Google Ignoring Its Own Policy on Desktop AdSense?
It has been discovered that Google is now showing AdSense ads inside Google Earth. While it is not that surprising to see Google putting ads on another one of its properties, it has raised a few eyebrows, given that Google Earth is a desktop application.
Google actually states in its policy that it doesn’t allow developers to use AdSense ads in their desktop apps, but it appears that Google is bending the rules for its own product. The company is certainly free to do so, given that it owns the product, but some are beginning to wonder if this could lead to Google changing that policy.
Currently that section of Google’s policy reads:
"Currently, we don’t permit Google ads or AdSense for search boxes to be distributed through software applications including, but not limited to toolbars, browser extensions, and desktop applications. In order to comply with AdSense program policies, please note that Google AdSense code may only be implemented on web-based pages."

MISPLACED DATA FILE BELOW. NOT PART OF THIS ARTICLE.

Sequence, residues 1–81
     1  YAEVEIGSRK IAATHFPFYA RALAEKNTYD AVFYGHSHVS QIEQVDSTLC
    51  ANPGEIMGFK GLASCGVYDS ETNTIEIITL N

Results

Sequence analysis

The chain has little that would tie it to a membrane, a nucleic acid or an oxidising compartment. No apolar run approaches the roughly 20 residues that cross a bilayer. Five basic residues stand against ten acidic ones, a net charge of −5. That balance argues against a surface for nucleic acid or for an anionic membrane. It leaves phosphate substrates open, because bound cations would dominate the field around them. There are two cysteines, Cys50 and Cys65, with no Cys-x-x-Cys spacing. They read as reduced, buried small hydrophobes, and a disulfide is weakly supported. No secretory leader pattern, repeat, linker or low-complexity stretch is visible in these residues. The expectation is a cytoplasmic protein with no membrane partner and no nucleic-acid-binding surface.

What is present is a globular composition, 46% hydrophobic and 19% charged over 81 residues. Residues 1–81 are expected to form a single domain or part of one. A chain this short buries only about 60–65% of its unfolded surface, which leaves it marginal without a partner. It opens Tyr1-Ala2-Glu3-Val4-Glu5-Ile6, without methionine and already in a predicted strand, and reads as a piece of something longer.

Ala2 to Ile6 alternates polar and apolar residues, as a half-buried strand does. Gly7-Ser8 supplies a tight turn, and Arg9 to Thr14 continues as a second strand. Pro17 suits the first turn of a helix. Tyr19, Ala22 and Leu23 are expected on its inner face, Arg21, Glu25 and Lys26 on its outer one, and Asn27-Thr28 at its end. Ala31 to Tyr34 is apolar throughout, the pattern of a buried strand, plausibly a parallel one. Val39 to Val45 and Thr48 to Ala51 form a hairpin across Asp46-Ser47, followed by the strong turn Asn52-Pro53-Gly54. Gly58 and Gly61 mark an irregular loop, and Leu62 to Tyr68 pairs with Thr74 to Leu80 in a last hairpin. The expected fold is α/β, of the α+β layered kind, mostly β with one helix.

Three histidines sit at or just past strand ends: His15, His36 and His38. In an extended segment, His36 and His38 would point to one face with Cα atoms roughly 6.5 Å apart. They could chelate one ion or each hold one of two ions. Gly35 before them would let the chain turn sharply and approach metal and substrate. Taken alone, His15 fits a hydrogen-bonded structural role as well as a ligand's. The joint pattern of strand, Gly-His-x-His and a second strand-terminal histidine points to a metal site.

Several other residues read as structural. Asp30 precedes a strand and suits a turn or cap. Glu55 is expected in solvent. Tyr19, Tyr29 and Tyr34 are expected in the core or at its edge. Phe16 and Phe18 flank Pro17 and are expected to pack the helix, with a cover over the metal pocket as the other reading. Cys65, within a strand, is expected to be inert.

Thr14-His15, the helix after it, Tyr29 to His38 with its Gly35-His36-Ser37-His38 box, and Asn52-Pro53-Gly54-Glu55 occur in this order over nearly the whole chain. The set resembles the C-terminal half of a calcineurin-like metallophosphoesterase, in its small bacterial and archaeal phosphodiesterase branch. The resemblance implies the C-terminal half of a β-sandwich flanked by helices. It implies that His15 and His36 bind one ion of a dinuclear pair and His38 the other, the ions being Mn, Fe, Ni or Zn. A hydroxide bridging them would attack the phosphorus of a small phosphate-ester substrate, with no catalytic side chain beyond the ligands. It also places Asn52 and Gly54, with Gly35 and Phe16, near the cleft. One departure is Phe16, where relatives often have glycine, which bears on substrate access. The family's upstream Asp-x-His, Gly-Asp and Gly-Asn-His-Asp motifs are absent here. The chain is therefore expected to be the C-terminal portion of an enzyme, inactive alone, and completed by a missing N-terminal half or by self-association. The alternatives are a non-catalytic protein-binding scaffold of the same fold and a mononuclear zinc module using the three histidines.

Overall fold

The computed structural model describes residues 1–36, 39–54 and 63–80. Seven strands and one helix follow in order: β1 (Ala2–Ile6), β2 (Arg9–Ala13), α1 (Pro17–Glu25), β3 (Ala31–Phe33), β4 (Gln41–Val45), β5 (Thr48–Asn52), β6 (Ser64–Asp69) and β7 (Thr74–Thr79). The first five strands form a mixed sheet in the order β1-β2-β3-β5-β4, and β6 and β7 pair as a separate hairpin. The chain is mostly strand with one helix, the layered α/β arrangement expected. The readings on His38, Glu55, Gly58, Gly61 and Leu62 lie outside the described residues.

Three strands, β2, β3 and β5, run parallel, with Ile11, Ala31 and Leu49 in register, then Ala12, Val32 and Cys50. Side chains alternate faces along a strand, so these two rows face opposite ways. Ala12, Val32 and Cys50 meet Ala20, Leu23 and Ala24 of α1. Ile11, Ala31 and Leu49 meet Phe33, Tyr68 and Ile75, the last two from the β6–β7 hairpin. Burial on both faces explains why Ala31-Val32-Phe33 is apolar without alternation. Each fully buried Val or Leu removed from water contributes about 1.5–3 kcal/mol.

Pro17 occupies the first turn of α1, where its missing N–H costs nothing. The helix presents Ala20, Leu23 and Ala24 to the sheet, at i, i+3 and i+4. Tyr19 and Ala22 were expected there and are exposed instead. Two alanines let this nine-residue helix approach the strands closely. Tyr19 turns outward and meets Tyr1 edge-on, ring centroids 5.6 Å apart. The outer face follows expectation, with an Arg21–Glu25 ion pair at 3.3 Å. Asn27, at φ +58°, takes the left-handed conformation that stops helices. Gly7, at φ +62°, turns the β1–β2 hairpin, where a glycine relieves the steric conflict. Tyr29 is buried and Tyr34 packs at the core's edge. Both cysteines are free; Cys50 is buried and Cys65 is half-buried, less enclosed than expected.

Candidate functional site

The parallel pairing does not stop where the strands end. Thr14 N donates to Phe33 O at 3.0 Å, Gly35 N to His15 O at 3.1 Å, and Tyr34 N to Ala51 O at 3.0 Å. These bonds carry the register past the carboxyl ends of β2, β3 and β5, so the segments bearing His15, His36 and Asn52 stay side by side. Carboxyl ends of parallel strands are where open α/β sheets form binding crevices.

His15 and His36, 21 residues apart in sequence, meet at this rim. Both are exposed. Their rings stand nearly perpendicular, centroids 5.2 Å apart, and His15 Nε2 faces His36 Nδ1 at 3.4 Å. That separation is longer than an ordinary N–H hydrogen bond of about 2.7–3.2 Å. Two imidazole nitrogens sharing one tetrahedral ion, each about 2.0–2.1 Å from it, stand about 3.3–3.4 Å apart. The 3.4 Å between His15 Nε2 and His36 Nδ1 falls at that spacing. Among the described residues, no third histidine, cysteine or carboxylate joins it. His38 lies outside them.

Blogger Amit Agarwal at Digital Inspiration appears to be the first to point out the ads in Google Earth, and he provides a couple of screenshots here. In one, you can see AdSense ads when you search for a location or business, and the ads can be found in the search results. In the other screenshot, you can see the ad in the window that pops up when you click a placemark (the red pins on the maps).
The interesting part of this find is not so much that Google is placing ads in Google Earth, but what it could mean if the company were to in fact change its policy.
"If that policy changes, we could see more and more of Office 2010 Starter or FeedDemon like applications that are completely free to the end-user but supported by web advertising," says Agarwal.
Joseph Tartakoff at PaidContent adds that "arch rival" Microsoft has already promised to introduce the ad-supported version of Office to come pre-loaded on PCs.
It is possible that there is being too much read into Google’s decision to include AdSense ads in Google Earth. It does make for an interesting conversation though. What do you think?